Equestrian is an activity of elegance and beauty, but requires just as much intense mental, emotional and physical strength as any sport.
For the students involved in Temple’s equestrian club, there aren’t any huge crowds or overwhelming exposure, it’s just them and their horse – a feeling that not too many people have ever felt or understood, but they wouldn’t have it any other way.
“The crowd doesn’t really matter,” said senior advertising major and club captain Sarah Jagiela. “The girls that are involved are a great group and we all get to know each other very well. It’s really more about having fun and getting to ride.”
Jagiela started loving horses at a young age, which created long-lasting memories, endless rides and a passionate love for horses. There’s still a picture of her first ride hanging on her refrigerator door back home in Schnecksville, Pa., and since that moment, she never looked back.
“I was always obsessed with horses and dogs when I was little,” Jagiela said. “I actually had my heart set on becoming a vet for years before I decided I wanted to go into communications and advertising. My mom called up a local stable and I’ve been lessoning ever since.”
Bianca Lee Lupo, a sophomore international business major and club vice president, grew up a street away from a show barn, so it didn’t take long for her to realize that this was the sport for her.
“It was kind of impossible for my parents to keep me away,” Lupo said. “When I was 6 years old, the trainer of the show barn came over and asked my parents if I could do lead line – she needed one more rider to run the class. My mom said I could do it and I have been riding ever since.”
Since riding, Lupo has noticed that the relationship between her and her horse is very powerful.
“I fell in love with horses because of the feeling I had when I was around them,” Lupo said. “They are beautiful animals and the bond that you can create with a horse is a magical feeling.”
Kimberly Dutill, a junior tourism and hospitality management major and club co-captain, started riding as a kid during her summers, but now is approaching the sport with more intensity.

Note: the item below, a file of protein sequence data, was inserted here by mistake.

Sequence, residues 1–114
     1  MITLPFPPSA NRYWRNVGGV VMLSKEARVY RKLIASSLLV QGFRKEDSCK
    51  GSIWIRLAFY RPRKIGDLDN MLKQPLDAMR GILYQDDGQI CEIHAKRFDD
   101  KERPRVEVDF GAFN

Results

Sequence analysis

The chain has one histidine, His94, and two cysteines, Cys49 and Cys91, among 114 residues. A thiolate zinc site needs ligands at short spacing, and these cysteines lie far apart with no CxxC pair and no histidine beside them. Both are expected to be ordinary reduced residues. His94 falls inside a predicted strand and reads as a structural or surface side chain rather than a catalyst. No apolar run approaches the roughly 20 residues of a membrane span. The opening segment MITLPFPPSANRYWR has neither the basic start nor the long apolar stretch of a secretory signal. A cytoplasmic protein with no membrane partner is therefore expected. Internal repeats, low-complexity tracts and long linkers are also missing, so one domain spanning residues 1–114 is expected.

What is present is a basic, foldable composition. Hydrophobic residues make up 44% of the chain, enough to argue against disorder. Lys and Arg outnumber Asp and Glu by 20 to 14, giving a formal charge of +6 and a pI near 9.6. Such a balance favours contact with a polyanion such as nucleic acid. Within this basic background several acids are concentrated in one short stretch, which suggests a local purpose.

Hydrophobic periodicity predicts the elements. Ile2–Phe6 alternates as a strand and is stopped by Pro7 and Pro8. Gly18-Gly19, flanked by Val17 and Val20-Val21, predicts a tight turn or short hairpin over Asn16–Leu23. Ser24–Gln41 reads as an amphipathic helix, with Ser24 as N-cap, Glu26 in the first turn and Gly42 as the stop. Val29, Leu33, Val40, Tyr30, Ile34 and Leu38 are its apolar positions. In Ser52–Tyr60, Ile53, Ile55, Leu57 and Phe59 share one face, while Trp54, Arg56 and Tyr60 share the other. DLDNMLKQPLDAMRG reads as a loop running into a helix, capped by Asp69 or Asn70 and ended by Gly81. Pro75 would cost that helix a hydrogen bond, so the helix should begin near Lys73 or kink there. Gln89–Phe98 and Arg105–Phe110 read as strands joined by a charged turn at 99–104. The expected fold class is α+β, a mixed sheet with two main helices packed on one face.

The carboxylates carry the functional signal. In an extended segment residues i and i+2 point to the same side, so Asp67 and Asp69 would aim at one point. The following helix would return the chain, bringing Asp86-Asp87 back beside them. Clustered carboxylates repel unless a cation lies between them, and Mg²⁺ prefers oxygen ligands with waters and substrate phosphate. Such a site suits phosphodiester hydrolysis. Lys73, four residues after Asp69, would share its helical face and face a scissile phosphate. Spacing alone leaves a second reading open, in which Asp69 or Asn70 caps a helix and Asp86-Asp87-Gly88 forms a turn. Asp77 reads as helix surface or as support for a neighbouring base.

“Riding as an adult has put a new layer on it,” Dutill said. “Not only is it just fun for me, it’s an escape from all the stresses of life. Riding takes complete mind and body concentration.”
Equestrian, although it appears to be a sport of pageantry and showmanship, can have serious physical demands, Dutill said.
“Riding uses muscles that you don’t use every day,” Dutill said. “So after those first three or so rides, yeah, the next few days are going to hurt.”
Equestrian consists of two different disciplines — English and Western. For English — which is more popular in this part of the country — Temple’s equestrian club competes in flat and jumping classes.
Flat classes are judged by the rider’s ability to control and manage the horse, while jumping classes are judged by how well the rider can get the horse over fences of variable heights.
Western includes rail classes and reining classes, which are rodeo-style events.
“Riders can choose which discipline they want to lesson in each week,” Jagiela said. “Not all schools in the area offer Western lessons, but we are lucky enough to have a trainer who knows a lot about Western riding and have access to a few horses that can go Western.”
Every week, the women of the equestrian club train about an hour away from Main Campus — away from the hectic environment of the city life at Temple.
“The club gives me a chance to ride in an environment where you wouldn’t think you would be able to continue riding,” Jagiela said. “It’s a great escape from the city once or twice a week to get out in the country and enjoy the outdoors and bond with the horses.”
When the equestrian club enters the barn, it is business as usual.
“We get up there, find out which horse we will be lessoning on, and groom them and get ready for the lesson,” Jagiela said. “This includes brushing the horse, cleaning out their hooves and tacking up. After the lesson, we do it all in reverse. We also usually give the horse a treat. Carrots and apples are the most popular, but mints are also a favorite.”
The equestrian club competes in the Intercollegiate Horse Show Association, where it rides against schools like Penn, Drexel, Salisbury, University of Delaware and Washington College.
“Almost everyone in the club goes to shows and it’s how we do most of our team bonding,” Jagiela said. “We have a huge amount of team spirit, watching and cheering for everyone in their class and helping girls get ready for their class by mounting their horse and cleaning their boots.”
This past year, Jagiela and some of her teammates found success in post-season competition, which continues to excite the captain.
“Last season I made it to regionals and one girl from the team made it to zones. We had girls from the team win high-point rider at a couple shows,” Jagiela said. “It’s exciting to have a girl from a city school win that ribbon as opposed to a girl from some of the schools out in the country where they have their barns on their campus.”
For the girls of the equestrian club at Temple, riding is more than competing and getting ribbons. It is a chance for them to escape civilization into a world they cherish, a world where the dominant species is a four-legged, majestic animal that only these girls can understand.
“I’ve always loved horses and when you’re riding, there is no comparison,” Jagiela said. “Having such a strong connection to this huge, powerful creature is beautiful, really.”
Thomas Mickens can be reached at email@example.com.